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Many well spouses have written to say that their partners' behaviors has changed drastically, making life very difficult for the entire family. "What in my spouse's behavior is choice and what is a result of the illness and beyond my partner's control?" It is a question that tortures many spouses of the chronically ill.
As we saw last week, the response to the articles entitled The Loss of Femininity (July 3, July 10, 2009) showed an overwhelming number of women identifying with the loss of femininity as they care for their ill spouses. Along with this loss came letters expressing the loneliness they feel, because their spouse's illness prevents many caregivers from attending s'machos of friends and family.
When you lose your spouse, whether s/he was sick or healthy, whether it's through divorce or death, the transition period into the next part of your life is a difficult one. Many new singles find that they no longer fit into their old friendships. They are no longer part of a couple, so associating with couples can be uncomfortable.
Last week I wrote about how female caregivers are affected by the role reversals that take place as they care for husbands with chronic illness. As the husband's illness progresses, and he is able to do less and less for himself, his wife ends up doing more. And, as she continues to take on the traditional male roles, her loss of femininity may escalate. When this happens, it is reflected in how she cares or perhaps in how she stops caring and taking care of herself.
For most women, care-giving means taking on many of the roles that were routinely filled by their husbands, in addition to those things they were already responsible for. For many of these women, this has been hard to deal with. Not just because of the difficult physical nature of these new, additional roles, or even the tremendous emotional burden that has been added to the women's daily routine.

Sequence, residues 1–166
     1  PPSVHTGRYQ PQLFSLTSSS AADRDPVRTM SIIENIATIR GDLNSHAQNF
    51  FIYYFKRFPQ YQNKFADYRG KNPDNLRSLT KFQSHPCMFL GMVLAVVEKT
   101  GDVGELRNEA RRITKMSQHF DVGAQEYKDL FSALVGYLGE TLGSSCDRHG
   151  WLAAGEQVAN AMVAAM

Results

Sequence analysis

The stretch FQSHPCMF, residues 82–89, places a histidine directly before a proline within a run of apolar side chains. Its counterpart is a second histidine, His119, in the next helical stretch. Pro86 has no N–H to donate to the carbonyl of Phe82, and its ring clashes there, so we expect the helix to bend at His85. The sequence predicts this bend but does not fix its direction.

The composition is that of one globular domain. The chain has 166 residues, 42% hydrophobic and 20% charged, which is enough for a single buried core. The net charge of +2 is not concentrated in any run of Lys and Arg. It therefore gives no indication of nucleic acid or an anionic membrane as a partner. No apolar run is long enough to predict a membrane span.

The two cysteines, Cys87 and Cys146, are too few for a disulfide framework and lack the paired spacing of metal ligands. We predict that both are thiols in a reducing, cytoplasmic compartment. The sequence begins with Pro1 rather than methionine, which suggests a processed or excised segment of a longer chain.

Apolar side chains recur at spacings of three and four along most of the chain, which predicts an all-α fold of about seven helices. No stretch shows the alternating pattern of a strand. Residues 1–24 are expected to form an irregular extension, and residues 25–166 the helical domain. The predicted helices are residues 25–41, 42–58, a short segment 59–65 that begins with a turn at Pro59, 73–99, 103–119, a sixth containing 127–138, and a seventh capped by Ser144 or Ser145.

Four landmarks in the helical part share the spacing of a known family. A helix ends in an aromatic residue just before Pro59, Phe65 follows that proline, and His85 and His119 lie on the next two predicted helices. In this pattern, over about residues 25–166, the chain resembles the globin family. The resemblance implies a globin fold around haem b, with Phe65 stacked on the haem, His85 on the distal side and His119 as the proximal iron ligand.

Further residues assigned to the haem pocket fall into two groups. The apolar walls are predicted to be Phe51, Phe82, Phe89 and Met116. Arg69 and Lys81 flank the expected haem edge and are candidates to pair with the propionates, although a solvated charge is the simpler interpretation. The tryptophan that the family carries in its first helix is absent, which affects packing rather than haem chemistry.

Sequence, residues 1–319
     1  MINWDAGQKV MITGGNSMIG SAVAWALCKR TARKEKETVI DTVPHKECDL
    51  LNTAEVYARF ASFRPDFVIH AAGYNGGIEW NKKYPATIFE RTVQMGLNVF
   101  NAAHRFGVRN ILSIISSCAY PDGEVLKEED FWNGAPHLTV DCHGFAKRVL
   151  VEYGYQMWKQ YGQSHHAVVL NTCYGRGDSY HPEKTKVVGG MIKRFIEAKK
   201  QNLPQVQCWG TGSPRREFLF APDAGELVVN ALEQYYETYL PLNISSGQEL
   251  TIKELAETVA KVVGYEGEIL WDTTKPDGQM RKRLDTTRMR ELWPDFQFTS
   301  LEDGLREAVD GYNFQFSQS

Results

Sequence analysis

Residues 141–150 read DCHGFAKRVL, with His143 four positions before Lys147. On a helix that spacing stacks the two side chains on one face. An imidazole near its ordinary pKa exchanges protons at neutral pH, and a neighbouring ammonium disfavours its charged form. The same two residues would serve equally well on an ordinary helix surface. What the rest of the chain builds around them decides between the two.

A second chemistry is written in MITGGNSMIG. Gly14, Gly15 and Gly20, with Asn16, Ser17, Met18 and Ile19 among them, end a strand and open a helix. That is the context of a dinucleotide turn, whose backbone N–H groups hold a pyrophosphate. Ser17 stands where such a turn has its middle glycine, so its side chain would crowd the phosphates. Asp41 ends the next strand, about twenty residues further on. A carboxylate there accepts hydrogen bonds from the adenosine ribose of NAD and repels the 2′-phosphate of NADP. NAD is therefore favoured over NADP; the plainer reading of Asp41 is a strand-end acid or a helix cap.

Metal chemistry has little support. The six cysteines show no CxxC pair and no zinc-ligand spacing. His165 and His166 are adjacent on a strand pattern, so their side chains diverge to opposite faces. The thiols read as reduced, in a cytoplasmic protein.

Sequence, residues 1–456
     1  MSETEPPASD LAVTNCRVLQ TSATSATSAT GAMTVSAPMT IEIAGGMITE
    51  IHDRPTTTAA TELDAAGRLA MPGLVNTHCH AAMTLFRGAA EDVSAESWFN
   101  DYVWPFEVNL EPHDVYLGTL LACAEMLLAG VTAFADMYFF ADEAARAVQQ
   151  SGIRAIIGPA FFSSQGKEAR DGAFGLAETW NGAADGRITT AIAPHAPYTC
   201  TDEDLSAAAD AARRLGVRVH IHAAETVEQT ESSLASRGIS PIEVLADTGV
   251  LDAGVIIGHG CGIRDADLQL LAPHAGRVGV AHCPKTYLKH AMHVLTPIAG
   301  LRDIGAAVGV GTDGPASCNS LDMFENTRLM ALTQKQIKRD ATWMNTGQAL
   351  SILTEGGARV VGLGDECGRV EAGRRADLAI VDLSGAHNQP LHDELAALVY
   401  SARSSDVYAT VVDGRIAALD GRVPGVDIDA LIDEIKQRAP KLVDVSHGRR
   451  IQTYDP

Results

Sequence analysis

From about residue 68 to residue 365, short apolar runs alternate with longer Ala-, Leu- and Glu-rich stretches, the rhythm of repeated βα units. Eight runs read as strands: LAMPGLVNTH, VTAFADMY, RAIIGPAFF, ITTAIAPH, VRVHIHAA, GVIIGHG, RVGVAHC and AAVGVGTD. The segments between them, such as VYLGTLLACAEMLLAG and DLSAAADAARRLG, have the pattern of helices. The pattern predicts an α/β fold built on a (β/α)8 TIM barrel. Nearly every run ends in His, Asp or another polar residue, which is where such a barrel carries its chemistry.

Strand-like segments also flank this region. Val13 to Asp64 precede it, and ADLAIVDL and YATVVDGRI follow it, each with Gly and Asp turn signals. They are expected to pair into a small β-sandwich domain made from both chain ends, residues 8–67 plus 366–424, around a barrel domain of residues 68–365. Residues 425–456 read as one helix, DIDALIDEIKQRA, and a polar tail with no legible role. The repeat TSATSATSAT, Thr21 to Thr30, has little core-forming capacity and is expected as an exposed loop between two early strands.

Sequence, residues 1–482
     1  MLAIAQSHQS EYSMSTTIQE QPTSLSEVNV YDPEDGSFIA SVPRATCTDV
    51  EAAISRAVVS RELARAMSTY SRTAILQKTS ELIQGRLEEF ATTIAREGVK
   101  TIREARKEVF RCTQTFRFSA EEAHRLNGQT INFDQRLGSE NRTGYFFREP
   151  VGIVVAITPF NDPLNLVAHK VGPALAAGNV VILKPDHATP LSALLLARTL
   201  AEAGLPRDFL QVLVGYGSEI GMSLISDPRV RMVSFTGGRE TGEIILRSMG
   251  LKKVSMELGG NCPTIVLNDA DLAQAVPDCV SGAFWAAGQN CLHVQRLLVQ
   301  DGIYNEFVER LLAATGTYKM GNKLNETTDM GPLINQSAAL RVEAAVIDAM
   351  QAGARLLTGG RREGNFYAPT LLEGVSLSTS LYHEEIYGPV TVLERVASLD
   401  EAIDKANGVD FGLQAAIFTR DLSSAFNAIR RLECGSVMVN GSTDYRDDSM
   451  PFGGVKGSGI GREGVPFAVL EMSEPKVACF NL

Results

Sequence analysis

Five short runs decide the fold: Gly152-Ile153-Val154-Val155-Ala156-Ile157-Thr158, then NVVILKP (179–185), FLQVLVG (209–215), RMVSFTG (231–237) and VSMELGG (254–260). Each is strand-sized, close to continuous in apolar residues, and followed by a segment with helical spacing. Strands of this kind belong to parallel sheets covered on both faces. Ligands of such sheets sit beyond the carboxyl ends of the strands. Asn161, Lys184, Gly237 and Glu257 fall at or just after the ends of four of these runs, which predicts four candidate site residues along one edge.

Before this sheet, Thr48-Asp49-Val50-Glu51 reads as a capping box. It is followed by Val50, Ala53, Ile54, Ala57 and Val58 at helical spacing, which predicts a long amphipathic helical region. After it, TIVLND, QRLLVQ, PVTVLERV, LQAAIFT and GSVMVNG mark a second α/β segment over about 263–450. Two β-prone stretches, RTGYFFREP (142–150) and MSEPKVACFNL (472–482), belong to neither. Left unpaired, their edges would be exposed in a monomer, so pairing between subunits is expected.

My mother's recent yahrzeit after Pesach, coupled with Yom HaZikaron and recent Yom Tovim and Shabbatot spent with my children and grandchildren, has cemented my belief that I was robbed of a major life asset - my grandparents. While I knew that having them was a life-enhancing relationship, I didn't truly comprehend it until I became one.
Dear Rabbi Horowitz: Our family is recovering from the terrible, unexpected loss of a loved one who passed away far too young. My husband and I have differing views on seeking professional help to help our children cope with the tragedy. (Thankfully, at least on the surface, they all seem to be doing well.) I am strongly in favor of seeking this help, while my husband, who is an amazing father and has been our bedrock throughout this ordeal, thinks that we should leave well enough alone and not subject our children to the agony of pouring their hearts out to a stranger. We are regular readers of your columns and recently re-read your "Open Letter to Teens Who Lost a Parent," where you very clearly encourage them to seek help if they are having difficulty dealing with their grief. But what if they don't seem to be exhibiting any such signs? We would greatly appreciate your thoughts on this matter. Respectfully, Susan
A TIME is widely recognized and venerated as the nation's leading organization to offer support, advocacy, education, guidance and referrals to Jewish couples struggling with infertility. In order to accurately portray all that A TIME accomplishes on any given 24-hour period, I decided to spend a day with them and take note of the goings on. As an inconspicuous observer, I watched in awe and amazement as this group of special individuals took on all the daunting aspects associated with infertility.
The moment we can't remember where we put our keys, or the few seconds it takes to try to remember where we parked our car causes fear in everyone that I know who is over 50.
I collect cookbooks the way other people collect coins, shot glasses, or miniature teaspoons.
Dear Dr. Yael, I think it is imperative that you print this letter because this is an ongoing problem in many families. In these families, the children stay in their parents' summer home for the entire summer, and everyone is supposed to live happily under one roof. This can get difficult if a brother-in-law picks on his sister-in-law or vice versa. This past summer my brother-in-law called me names, causing many hurt feelings.